Many power plants are large physical structures that alter the visual landscape. In general, the larger the structure, the more likely it is that the power plant will affect the visual landscape.

Fossil fuel, biomass, and waste burning power plants

In the United States, the energy sources for about 68% of total electricity generation in 2015 were: fossil fuels (mainly coal, oil, and natural gas), materials that come from plants (biomass), and municipal and industrial wastes. Emissions that result from combustion of these fuels include:

  • Carbon dioxide (CO2)
  • Carbon monoxide (CO)
  • Sulfur dioxide (SO2)
  • Nitrogen oxides (NOx)
  • Particulate matter (PM)
  • Heavy metals such as mercury

Nearly all combustion byproducts have negative impacts on the environment and human health:

  • CO2 is a greenhouse gas, and it contributes to the greenhouse effect.1
  • SO2 causes acid rain, which is harmful to plants and to animals that live in water. SO2 also worsens respiratory illnesses and heart diseases, particularly in children and the elderly.
  • NOx contribute to ground level ozone, which irritates and damages the lungs.
  • PM results in hazy conditions in cites and scenic areas, and coupled with ozone, contributes to asthma and chronic bronchitis, especially in children and the elderly. Very small, or fine PM, is also believed to cause emphysema and lung cancer.
  • Heavy metals such as mercury are hazardous to human and animal health.

Power plants use air emission controls to limit their environment impact

Air pollution emission standards limit the amounts of some of the substances that power plants can release into the air. Power plants meet these standards in several ways:

  • Burning low sulfur content coal reduces SO2 emissions. Pretreating and processing coal can also reduce the level of undesirable compounds in combustion gases.
  • PM emission control devices that treat combustion gases before they exit the power plant include:
    • Bag-houses are large filters that trap particulates.
    • Electrostatic precipitators use electrically charged plates that attract and pull particulates out of the combustion gas.
    • Wet scrubbers use a liquid solution to remove PM from combustion gas.
  • Wet and dry scrubbers mix lime in the fuel (coal) or spray a lime solution into combustion gases to reduce SO2 emissions. Fluidized bed combustion also results in lower SO2 emissions.
  • NOx emissions controls include low NOx burners during the combustion phase or selective catalytic and non-catalytic converters during the post combustion phase.

Some power plants also produce liquid and solid wastes

Ash is the solid residue that results from burning solid fuels such as coal, biomass, and municipal solid waste. Bottom ash includes the largest particles that collect at the bottom of the combustion chamber. Fly ash is the smaller and lighter particulates that collect in air emission control devices. Fly ash is usually mixed with bottom ash. The resulting sludge, which contains all the hazardous materials that pollution control devices capture, may be put in retention ponds, sent to landfills, or sold for use in making concrete blocks or asphalt. Many coal-fired power plants have large sludge ponds. Several of these ponds have burst and caused extensive damage and pollution downstream.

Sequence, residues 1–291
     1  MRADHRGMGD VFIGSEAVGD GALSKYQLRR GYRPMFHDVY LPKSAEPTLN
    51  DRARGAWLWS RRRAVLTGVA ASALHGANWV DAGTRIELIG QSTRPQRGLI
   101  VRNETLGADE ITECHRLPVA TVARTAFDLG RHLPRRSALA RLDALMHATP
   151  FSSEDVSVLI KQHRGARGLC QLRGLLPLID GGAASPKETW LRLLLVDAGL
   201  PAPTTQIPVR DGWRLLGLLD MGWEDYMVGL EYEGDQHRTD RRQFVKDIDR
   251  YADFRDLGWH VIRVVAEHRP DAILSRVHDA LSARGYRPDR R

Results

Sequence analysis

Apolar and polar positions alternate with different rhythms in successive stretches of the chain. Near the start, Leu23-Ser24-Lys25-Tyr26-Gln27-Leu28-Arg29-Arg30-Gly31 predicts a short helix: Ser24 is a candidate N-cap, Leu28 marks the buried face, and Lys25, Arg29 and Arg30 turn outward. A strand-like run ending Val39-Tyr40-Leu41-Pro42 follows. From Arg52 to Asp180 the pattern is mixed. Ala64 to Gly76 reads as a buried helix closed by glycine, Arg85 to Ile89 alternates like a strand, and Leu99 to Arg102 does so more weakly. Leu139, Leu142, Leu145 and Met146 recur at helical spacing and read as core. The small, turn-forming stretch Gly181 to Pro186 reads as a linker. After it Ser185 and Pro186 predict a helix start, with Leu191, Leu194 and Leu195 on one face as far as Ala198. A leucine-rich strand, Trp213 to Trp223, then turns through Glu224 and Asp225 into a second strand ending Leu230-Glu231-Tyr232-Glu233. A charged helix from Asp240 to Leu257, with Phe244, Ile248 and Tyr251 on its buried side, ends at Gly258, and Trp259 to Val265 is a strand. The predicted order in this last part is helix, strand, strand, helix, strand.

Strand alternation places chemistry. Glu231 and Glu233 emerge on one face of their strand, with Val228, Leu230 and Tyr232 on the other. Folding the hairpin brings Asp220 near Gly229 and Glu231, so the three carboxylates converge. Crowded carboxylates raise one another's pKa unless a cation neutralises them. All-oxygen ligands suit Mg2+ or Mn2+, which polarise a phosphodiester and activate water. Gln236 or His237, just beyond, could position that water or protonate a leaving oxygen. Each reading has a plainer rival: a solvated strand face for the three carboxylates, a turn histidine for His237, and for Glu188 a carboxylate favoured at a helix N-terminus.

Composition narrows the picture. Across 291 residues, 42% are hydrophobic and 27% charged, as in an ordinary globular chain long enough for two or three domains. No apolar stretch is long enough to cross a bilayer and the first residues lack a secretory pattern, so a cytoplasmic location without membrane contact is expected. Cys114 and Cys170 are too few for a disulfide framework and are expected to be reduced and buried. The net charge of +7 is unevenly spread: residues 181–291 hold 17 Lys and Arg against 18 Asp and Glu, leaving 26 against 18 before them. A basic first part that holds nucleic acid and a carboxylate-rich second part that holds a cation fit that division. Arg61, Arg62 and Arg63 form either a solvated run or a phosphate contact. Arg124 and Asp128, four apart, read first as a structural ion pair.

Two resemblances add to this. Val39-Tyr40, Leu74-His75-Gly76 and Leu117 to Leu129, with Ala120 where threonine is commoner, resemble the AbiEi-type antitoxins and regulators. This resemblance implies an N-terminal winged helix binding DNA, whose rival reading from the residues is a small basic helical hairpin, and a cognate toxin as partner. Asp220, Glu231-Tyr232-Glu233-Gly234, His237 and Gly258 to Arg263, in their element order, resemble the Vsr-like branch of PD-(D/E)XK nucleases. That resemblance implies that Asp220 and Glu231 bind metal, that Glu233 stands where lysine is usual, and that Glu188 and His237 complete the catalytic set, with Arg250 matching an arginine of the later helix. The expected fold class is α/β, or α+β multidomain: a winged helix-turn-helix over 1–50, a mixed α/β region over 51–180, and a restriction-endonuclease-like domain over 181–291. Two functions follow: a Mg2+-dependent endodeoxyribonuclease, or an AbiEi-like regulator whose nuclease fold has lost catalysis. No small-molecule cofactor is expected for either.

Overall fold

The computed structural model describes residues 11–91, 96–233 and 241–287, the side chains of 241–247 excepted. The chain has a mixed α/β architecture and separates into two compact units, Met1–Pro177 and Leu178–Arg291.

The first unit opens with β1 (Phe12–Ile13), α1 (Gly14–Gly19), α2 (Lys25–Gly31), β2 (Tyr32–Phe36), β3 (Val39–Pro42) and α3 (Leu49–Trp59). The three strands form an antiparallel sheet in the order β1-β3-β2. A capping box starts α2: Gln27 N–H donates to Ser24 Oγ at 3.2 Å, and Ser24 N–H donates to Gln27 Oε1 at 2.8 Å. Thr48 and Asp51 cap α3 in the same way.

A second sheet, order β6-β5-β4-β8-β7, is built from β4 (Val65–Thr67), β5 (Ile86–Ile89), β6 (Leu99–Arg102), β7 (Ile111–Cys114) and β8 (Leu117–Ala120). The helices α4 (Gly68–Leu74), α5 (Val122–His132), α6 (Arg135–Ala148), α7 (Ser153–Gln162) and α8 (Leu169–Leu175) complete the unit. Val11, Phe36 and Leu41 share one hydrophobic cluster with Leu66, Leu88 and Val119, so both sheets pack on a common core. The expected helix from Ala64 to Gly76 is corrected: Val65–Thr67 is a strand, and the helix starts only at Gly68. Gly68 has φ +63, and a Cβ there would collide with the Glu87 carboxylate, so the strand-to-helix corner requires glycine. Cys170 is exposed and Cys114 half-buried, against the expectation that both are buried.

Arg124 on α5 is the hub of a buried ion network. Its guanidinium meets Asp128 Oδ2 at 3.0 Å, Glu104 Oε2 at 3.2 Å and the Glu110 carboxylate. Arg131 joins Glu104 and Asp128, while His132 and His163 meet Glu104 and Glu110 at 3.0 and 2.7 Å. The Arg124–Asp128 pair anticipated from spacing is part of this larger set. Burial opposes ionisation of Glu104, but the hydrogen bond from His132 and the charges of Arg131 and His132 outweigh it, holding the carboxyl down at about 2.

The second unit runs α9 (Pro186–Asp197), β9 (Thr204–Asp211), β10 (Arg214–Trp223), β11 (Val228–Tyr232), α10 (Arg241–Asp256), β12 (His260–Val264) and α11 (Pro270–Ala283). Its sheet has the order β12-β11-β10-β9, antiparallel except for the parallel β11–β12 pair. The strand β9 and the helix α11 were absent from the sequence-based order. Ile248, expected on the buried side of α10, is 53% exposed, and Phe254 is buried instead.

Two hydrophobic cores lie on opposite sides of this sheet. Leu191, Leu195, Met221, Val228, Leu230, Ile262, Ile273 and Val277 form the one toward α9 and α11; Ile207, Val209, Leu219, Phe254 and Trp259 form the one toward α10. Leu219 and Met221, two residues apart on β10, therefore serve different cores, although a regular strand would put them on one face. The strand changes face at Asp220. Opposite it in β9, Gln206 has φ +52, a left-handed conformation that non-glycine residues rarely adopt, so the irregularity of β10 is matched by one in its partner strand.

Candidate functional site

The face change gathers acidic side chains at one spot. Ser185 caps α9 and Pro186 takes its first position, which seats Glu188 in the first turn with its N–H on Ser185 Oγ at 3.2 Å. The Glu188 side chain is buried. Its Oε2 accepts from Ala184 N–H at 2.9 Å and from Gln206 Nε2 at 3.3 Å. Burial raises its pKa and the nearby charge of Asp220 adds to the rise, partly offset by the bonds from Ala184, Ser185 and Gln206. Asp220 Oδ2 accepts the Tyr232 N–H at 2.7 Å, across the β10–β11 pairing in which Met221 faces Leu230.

Most power plants produce greenhouse gases

Electricity generation is one of the leading sources of greenhouse gas emissions in the United States. Power plants that burn fossil fuels or materials made from fossil fuels, and some geothermal power plants, are the sources of nearly 40% of total U.S. energy-related carbon dioxide emissions.

Nuclear power plants produce different kinds of waste

Nuclear power plants do not not produce greenhouse gases or PM, SO2, or NOx, but they do produce two kinds of radioactive waste:

  • Low-level radioactive waste is stored at nuclear power plants until the radioactivity in the waste decays to a level where reactor operators can dispose of it as ordinary trash or to a level where they can send it to a low-level radioactive waste disposal site.
  • Spent (used) nuclear fuel assemblies are highly radioactive and reactor operators must initially store it in specially designed pools of water resembling large swimming pools. These pools cool the fuel and act as a radiation shield. Operators can also store spent nuclear fuel in specially designed dry storage containers. An increasing number of reactor operators now store older spent nuclear fuel in dry storage facilities using special outdoor concrete or steel containers with air cooling. All commercial nuclear power plants store spent nuclear fuel assemblies at the plant because, at this time, the federal government has not approved any other places (repositories) for storing the waste.

Electric power lines and other distribution infrastructure also have a footprint

Electricity transmission lines and the distribution infrastructure that carries electricity from power plants to customers also have environmental impacts. Most transmission lines are above ground on large towers. The towers and lines alter the visual landscape, especially when they pass through natural areas. Trees near the wires may be disturbed and may have to be continually managed to keep limbs from touching the wires. These activities can affect native plant populations and wildlife. Power lines can be placed underground, but it is more expensive and may result in a greater landscape disturbance than overhead lines.

1. U.S. Environmental Protection Agency, Climate Change Science